I unfortunately don't see anyone posting about how wrong Scott Stevens and countless other so-called "great" players were and are for throwing shots to the head, so why is Steve Moore being singled out for being wrong? I suspect it's because he wasn't as high profile/didn't make as much money. Somehow, I doubt you will be impressed if someone who makes more money that you crushes your Civic with his Hummer and gets away with it, and justifies it by calling you a nobody. When I go to the Hall of Fame, I refuse to look at the plaques of Messier, Stevens, Howe, and countless others. Players who have to break the rules to be great aren't, no matter how much they were paid.
chris, 2007-12-18 16:40:58

There might be a few coaches that tell a player to go " get " so and so but I think the majority of coaches dont.

Enforcers know what there role is and knows that if his teammates are being " roughed up " or intimidated then he will go settle it.

Back when the Moore / Bertuzzi incident happened I dont think the Canucks had an enforcer so Bertuzzi took matters into his own hands.

I am sure Tie Domi never had to be told what to do if Messier or Sundin were being run at or being cheap shotted.
Jimmy, 2007-12-13 10:57:49

Headhunting didn't start with Semenko and McSorley watching out for Wayne. He could have taken care of himself, what you can't catch you can't hit.Headhunting started when players decided that respect for each other was archaic.Ferguson respected Keon, Kurtenbach respected Henri Richard and Gordie had the utmost respect from the Rocket and vis/versa, but then coaches like Crawford and Fred Shero before him decided that retaliation was the norm, it's not the dropping your gloves and going toe to toe until your too tired to swing it's when someone walks away from your challenge and he becomes a coward in your eyes so you do the Mcsorley thing and take his head off with your stick or you do the Bertuzzi thing and beat his head into the ice.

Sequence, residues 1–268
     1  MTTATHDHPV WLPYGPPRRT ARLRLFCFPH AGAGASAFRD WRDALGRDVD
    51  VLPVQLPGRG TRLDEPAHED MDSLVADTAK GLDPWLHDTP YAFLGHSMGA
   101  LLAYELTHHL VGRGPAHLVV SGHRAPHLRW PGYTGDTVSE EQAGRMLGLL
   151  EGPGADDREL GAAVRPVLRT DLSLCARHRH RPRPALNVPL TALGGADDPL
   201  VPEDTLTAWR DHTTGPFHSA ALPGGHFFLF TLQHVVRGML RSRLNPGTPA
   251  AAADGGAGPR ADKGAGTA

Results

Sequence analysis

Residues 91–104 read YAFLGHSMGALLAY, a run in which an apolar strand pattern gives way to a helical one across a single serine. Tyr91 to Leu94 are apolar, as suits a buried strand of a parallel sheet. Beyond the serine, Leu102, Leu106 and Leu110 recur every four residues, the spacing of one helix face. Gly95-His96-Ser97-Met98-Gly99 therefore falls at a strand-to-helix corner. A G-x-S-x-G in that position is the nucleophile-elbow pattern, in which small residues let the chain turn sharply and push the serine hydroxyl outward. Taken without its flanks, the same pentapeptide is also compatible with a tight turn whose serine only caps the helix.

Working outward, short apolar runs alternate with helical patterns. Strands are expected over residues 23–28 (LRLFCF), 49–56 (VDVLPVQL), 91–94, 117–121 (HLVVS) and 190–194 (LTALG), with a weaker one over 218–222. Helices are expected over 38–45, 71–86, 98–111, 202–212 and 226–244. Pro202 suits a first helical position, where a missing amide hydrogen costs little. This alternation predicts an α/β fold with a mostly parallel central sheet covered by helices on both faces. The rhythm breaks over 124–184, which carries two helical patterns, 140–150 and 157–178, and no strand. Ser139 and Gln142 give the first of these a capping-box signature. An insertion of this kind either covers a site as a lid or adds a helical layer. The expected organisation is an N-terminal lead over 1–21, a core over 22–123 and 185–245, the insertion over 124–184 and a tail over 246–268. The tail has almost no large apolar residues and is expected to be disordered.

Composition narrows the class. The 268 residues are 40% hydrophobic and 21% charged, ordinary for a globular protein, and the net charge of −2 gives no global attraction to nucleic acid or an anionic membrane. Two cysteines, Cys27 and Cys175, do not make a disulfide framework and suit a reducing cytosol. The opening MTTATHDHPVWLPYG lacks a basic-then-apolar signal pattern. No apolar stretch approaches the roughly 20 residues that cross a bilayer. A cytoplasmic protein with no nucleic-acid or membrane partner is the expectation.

Lets get back to playing hockey.
Supernewf, 2007-12-11 00:18:32

The hit to Naslund's head could have ended his career (see Brett and Eric). Luckily it didn't. If 600lbs worth of hockey players piled on top of me on an ice surface, I probably would have a broken neck or spinal injury. Like I said what Todd did was wrong and he deserved the time off, but Steve was wrong too. The lack of respect in the game without fear of retribution has increased since the instigator rule came in. It's a fact. Don't you think that Wayne would have had his head taken off over the years if Semenko, McSorley and guys like that wern't around? Come on, if you don't like to see fighting in hockey, go watch no body contact rec hockey. Oh wait... they fight in that too.
The society against people who cry about fighting in hockey, 2007-12-10 18:58:40

Hey society.

Maybe Steve was ordered by his coach to not get in fights that game. Maybe the coach wanted to win the game and not get stupid penalties putting them down a man. He didn't know the other coach gave orders to get him and didn't know that some moron would actually clock him from behind with his golves still on.
wayne, 2007-12-10 09:31:40